UK Approves Opdivo/Yervoy Immunotherapy for Pleural Mesothelioma

Treatment & Doctors

Patients with unresectable pleural mesothelioma cancer throughout the United Kingdom will now have the immunotherapy combination of Opdivo and Yervoy as an option after its recent approval by the National Health Service for first-line treatment.

The long-awaited approval comes almost two years after the U.S. Food and Drug Administration granted a similar approval of Opdivo and Yervoy. It brings new hope to a region particularly hard hit by this rare cancer caused primarily by exposure to asbestos.

Opdivo and Yervoy, known generically as nivolumab and ipilimumab, respectively, are manufactured by Bristol Myers Squibb.

NHS is the single-payer, publicly funded health care system in the United Kingdom and the second largest of its type in the world. Until now, only UK patients in a clinical trial or those paying privately were given the immunotherapy option.

“The NHS is delighted that this new drug combination will now be available for this aggressive type of cancer,” said Dr. Peter Johnson, national clinical director for cancer at NHS England. “Up to now, we’ve had limited options for treatment.”

The National Institute for Health and Care Excellence issued its final appraisal document recommending the immunotherapy combination in July. It was the first new recommendation for pleural mesothelioma in the United Kingdom in 14 years. 

Effectiveness of Drugs Have Been Mixed

For years, standard-of-care treatment for mesothelioma involved a chemotherapy combination with only short-term effectiveness.

Less than a third of those diagnosed with pleural mesothelioma qualified for a multimodality regimen that included aggressive surgery and radiation. Mesothelioma surgery is typically not an option because the disease is usually too advanced at the time of diagnosis.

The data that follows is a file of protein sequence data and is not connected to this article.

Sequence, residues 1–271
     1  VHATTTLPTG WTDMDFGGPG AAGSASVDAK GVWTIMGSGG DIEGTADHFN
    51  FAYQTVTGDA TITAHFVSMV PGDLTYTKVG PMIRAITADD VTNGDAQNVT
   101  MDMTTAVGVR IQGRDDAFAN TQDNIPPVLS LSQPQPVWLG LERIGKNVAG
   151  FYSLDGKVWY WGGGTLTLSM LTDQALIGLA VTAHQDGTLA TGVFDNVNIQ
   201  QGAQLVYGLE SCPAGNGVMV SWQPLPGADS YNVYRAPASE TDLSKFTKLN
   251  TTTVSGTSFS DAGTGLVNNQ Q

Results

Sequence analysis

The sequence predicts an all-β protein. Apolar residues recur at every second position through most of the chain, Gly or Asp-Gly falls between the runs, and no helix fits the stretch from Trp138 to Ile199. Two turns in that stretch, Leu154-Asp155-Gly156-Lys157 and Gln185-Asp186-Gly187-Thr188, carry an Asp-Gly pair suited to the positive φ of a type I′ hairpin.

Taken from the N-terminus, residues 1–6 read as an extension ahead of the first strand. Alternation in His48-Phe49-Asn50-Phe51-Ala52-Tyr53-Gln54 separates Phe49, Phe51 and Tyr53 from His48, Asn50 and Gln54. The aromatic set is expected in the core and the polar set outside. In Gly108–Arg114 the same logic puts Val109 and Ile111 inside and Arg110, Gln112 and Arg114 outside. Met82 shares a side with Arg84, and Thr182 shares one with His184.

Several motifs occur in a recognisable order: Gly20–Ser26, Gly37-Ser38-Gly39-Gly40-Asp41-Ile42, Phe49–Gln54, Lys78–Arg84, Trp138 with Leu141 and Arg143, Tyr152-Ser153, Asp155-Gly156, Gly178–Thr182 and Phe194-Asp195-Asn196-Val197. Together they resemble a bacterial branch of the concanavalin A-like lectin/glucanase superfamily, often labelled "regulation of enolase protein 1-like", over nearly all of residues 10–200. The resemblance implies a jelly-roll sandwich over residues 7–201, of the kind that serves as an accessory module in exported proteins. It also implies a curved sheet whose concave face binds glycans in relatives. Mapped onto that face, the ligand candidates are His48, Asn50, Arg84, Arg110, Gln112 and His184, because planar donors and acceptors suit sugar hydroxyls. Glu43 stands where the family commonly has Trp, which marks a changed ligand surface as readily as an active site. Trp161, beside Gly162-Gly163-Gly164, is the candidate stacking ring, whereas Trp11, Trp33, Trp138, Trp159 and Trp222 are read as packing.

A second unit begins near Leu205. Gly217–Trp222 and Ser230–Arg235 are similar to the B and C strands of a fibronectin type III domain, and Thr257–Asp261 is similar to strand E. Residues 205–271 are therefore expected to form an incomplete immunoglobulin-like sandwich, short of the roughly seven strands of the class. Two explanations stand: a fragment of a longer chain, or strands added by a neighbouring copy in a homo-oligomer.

Early reviews from the combination’s use in the U.S. have been mixed. For a small percentage it has been highly effective, but the majority have seen only a limited benefit.

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Immunotherapy Clinical Trial Proved Survival Benefit

The U.K. recommendation was based heavily on an earlier international phase III clinical trial called CheckMate 743. It produced impressive effectiveness for a specific cohort of patients.

Opdivo and Yervoy are given intravenously, typically for 30 minutes, every three weeks for Opdivo and every six weeks for Yervoy.

In the trial, patients with the sarcomatoid or biphasic type of mesothelioma had a median survival of 18.1 months for those receiving the combination treatment compared to just 8.8 months for those getting standard chemotherapy. Sarcomatoid and biphasic constitute just a third of diagnosed mesothelioma cases.

With the most common epithelioid subtype, survival was 18.1 months with immunotherapy compared to 14.1 months for chemotherapy. The two-year survival advantage was 41% to 27%, respectively.

Most mesothelioma doctors agree this immunotherapy would be most effective in combination with other treatments.

“The nivolumab/ipilimumab combination is to be welcomed. However, it is far from perfect, too toxic for most patients without major protocol change,” Dr. Angus Dalgleish, St. George’s Hospital, University of London, told The Mesothelioma Center at “I would now add in a background anti-inflammatory such as LDN [low-dose naltrexone].”

Dalgleish published a mesothelioma case report in 2020 detailing his success with a novel treatment regimen involving a series of anti-inflammatories, including naltrexone, the vaccine IMM-101 and immune stimulation.

UK Hit Hard by Mesothelioma

There is typically a latency period of 20 to 60 years between exposure to asbestos and a diagnosis of mesothelioma. Despite instituting a ban on all asbestos products in 1999, the United Kingdom remains a per-capita world leader in mesothelioma cases, with an estimated 2,700 people still being diagnosed annually.

Officials attribute it to the long history of shipbuilding, an industry leader in asbestos consumption, and infrastructure reconstruction throughout England in the post-World War II period. 

This latest approval was met with considerable hope.

“We are extremely pleased with this long-awaited decision,” said Nick Maskell, professor of respiratory medicine at University of Bristol, England. “It is brilliant news for mesothelioma patients and their families. The decision to approve this provides a new routinely available standard of care for NHS patients.”

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